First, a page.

The notion of reliability is more of a mathematical probability than an actual physical condition. Electrical reliability is measured by its trouble-free time. For example, if a piece of equipment is designed and intended to continuously operate "X" years and it does, it is 100% reliable to "X" years. After that point in time, if there is an occasional breakdown, the reliability beyond the stated time is less than 100%.

Lowered reliability, especially in the realm of electrical systems, increases the risk of both employee safety and of downtime-related lost business productivity.

Therefore, it is prudent to build reliability enhancement investments into the annual operational expense (OPEX) budget. Such a budgetary line item should include three essential elements: electrical infrastructure assessment (evaluating the state of affairs), recalibration of maintenance strategy (last year’s strategy may not be relevant to this year’s requirements) and upgrade of low reliability or aging/obsolete assets (upgrading equipment that may be on the verge of failing).

Power assessment of existing infrastructure

Facility managers may be unaware of the current reliability state of their electrical power sub-systems unless maintenance and test inventory data on all equipment is complete and readily available throughout the equipment’s service life.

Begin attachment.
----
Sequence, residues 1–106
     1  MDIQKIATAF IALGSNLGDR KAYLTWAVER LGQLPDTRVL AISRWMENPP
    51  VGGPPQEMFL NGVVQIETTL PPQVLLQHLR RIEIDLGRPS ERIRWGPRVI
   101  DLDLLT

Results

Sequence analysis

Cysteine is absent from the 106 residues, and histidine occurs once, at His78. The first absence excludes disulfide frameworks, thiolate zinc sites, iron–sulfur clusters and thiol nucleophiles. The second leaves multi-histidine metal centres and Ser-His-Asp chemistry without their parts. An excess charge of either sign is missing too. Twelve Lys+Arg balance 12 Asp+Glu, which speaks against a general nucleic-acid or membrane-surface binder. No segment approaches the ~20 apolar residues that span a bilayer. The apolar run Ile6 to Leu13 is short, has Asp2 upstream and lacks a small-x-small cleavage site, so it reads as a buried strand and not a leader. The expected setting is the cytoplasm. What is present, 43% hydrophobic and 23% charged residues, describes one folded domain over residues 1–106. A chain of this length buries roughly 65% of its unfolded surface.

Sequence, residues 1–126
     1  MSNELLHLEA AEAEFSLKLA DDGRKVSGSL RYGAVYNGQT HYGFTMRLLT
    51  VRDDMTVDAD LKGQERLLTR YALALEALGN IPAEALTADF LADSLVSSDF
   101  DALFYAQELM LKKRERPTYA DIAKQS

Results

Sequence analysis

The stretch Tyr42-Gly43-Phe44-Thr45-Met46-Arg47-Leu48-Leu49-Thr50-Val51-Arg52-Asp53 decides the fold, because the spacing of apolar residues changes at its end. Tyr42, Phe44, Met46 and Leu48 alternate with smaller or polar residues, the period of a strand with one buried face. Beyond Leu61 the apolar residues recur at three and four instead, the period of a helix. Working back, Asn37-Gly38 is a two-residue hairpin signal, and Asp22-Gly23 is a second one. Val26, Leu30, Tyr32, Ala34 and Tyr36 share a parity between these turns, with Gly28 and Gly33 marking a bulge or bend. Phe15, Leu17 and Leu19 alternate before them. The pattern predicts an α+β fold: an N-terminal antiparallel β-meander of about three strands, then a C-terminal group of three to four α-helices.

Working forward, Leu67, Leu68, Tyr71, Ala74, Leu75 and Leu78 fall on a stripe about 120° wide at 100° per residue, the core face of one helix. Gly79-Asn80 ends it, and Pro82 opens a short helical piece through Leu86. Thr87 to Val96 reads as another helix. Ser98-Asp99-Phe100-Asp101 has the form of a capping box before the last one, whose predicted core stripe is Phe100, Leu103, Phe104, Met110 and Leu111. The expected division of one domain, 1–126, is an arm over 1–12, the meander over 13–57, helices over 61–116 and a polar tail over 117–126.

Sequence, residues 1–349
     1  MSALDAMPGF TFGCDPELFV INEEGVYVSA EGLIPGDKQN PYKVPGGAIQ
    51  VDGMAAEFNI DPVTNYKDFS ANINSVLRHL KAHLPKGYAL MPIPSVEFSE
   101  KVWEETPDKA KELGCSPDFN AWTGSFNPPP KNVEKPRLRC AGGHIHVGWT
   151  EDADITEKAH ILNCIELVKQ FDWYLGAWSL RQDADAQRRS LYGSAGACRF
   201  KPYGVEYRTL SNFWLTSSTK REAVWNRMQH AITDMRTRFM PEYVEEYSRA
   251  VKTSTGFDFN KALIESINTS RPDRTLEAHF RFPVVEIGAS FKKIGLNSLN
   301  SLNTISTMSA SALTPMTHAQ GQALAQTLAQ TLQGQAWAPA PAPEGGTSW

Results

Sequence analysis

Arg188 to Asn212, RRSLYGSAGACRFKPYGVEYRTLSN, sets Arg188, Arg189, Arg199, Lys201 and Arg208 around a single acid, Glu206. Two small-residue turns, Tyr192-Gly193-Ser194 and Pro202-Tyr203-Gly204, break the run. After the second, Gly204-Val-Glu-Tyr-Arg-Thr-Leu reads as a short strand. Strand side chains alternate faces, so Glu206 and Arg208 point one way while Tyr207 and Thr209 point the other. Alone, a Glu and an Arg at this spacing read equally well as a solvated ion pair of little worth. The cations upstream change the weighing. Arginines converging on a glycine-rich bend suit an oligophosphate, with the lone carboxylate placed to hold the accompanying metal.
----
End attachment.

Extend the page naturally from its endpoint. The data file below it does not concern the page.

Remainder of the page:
If documentation is unavailable or outdated, management may consider having a power system assessment performed by a professional engineer. This assessment determines the present state of electrical system, its associated equipment, its functionality and its reliability relative to the present needs of a facility’s functions and operations.

The assessment should be performed by a registered professional engineer with in-depth experience surrounding the design, operation, maintenance, safety and reliability of AC and DC power systems and equipment. During an assessment, a facility’s risk is determined by a combination of the following four factors:

  1. The impact of a power event on critical business processes
  2. The safety hazard threat to electrical workers
  3. The probability of a power event occurring